Thomas Keith’s photography shows scientific application, artistic creativity, and a deep understanding of the many subtleties of this new art form. John Hannavy, the photographic historian, describes his negatives as “a hugely important photographic treasure” and considers that his photography “combined technical excellence with pictorial mastery.”9 Keith’s contribution to photography was of such significance that it is remarkable that it did not appear in any of his obituaries. By contrast, his great contribution to improving the outcome for the new procedure of ovariotomy was recognized in Britain and around the world.


  1. Sims, JM. 1880. “Thomas Keith and ovariotomy.” American Journal of Obstetrics and Diseases of Women and Children 13: 290-303.
  2. Wall, LL. 2006. “The medical ethics of Dr J Marion Sims: a fresh look at the historical record,” Journal of Medical Ethics. 32(6): 346–350.
  3. Ritchie, LA. 2004. “Keith, Alexander (1792–1880).” Oxford Dictionary of National Biography. Accessed 09 01, 2020. http://www.oxforddnb.com/view/article/ 15262.
  4. Anonymous. 1895. “Obituary. Thomas Keith.” British Medical Journal 1003–1005.
  5. —. 1895. “Obituary. Thomas Keith.” The Scotsman, 10 October.
  6. Peddie, A. 1890. “Dr John Brown: His Life and Work; with Narrative Sketches of James Syme in the Old Minto House Hospital and Dispensary Days.” Edinburgh Medical Journal. 35: 1048–1062.
  7. Anonymous. 1910. “Obituary. George Skene Keith.” British Medical Journal 1: 237-238.
  8. Keith, Thomas. 1856. “The waxed paper process.” Photographic Notes 1: 101–104.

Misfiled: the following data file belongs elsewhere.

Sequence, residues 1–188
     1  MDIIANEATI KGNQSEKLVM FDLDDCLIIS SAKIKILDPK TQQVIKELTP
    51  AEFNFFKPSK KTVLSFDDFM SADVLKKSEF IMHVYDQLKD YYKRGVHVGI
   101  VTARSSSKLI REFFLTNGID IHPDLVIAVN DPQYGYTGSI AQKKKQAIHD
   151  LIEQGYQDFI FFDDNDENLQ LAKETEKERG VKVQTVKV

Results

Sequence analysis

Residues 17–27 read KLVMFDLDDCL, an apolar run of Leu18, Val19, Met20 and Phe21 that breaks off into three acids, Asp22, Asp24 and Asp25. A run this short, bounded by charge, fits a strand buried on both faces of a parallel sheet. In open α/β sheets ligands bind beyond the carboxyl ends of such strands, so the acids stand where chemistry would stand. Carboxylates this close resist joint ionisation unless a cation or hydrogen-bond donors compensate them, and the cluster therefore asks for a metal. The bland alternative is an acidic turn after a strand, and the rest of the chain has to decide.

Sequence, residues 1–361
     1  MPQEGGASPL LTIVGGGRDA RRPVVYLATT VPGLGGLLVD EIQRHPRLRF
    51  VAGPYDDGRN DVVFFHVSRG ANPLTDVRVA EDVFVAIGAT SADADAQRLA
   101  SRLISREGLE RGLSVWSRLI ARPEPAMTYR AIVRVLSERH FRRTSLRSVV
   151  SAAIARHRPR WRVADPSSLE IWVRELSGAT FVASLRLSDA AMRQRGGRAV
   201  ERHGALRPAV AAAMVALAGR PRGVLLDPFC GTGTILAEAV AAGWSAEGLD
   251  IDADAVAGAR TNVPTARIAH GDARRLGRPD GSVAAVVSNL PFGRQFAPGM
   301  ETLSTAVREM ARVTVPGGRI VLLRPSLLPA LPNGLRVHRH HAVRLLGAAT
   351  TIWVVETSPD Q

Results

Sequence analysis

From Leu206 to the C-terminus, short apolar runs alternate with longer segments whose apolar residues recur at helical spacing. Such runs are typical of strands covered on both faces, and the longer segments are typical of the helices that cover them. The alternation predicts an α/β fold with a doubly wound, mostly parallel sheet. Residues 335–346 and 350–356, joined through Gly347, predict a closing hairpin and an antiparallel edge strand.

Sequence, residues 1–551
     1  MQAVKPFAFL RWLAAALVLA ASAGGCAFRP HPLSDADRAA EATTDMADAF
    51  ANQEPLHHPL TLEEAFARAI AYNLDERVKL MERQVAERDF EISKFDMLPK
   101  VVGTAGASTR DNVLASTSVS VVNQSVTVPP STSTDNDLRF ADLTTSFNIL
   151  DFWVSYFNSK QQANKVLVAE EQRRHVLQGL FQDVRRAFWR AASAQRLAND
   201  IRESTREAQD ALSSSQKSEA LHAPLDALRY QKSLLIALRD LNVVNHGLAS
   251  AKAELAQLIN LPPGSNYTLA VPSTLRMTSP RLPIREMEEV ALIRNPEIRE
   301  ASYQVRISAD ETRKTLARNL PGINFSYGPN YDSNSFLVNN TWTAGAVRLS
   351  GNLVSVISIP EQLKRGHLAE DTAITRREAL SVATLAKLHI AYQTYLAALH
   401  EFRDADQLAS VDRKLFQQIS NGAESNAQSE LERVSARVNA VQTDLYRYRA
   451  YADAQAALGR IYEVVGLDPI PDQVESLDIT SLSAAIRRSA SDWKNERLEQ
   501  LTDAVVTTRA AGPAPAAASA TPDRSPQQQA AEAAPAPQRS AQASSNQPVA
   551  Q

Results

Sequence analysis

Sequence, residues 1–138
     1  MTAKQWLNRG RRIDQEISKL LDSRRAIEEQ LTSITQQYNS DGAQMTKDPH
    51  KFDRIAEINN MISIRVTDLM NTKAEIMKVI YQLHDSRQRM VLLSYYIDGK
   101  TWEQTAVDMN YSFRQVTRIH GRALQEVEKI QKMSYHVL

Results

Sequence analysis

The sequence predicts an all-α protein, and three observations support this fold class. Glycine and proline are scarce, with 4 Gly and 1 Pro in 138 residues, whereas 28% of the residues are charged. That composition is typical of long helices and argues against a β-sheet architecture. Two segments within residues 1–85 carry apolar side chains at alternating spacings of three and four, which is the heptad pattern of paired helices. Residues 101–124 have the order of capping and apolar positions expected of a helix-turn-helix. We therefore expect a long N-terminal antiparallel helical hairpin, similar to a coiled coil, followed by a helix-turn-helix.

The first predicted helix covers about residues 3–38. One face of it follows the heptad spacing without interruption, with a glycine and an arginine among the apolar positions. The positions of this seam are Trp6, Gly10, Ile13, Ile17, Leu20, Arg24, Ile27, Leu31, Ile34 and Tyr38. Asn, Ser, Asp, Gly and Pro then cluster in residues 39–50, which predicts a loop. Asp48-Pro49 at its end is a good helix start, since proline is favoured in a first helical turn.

9. Hannavy, J. 1981. Thomas Keith’s Scotland: The work of a Victorian amateur photographer 1852–57. Edinburgh: Canongate.
  10. McDowell, E. 1817. “Three cases of extirpation of diseased ovaria.” Eclectic Repertory and Analytical Review 7: 242–244.
  11. Wells, TS. 1862. “Table of cases of ovariotomy performed by Mr Spencer Wells.” Lancet 2: 687-689.
  12. Keith, Thomas. 1869. “Antiseptic surgery.” Lancet 94: 249-251.
  13. Keith, Thomas. 1863. “Cases of ovariotomy.” Edinburgh Medical Journal 8: 897-904.
  14. Keith, Thomas. 1872. “Third series of fifty cases of ovariotomy.” Lancet 100: 702-703.
  15. Keith, Thomas. 1876. “On the results of the cautery in the treatment of the pedicle in ovariotomy.” Lancet 107: 562.
  16. 1880. “Ovariotomy.” British Medical Journal 1: 931–932.
  17. Sims, J Marion. 1880. Thomas Keith and ovariotomy. New York: W. Wood & Co.

IAIN MACINTYRE, MD, FRCSEd, worked as a surgeon in Edinburgh. He has had a long association with the Royal College of Surgeons of Edinburgh and he was Vice President of the College during its 500th anniversary celebration. He was surgeon to the Queen in Scotland until he retired in 2004. Since retiring he has been involved in the history of medicine and his books include Surgeons Lives, an anthology of biographies of Fellows of the RCSEd and Scottish Medicine – an Illustrated History of which he was joint author. He is a past President of the British Society for the History of Medicine.

Highlighted in Frontispiece Volume 13, Issue 1 – Winter 2021

Summer 2020  |   Sections  |  Surgery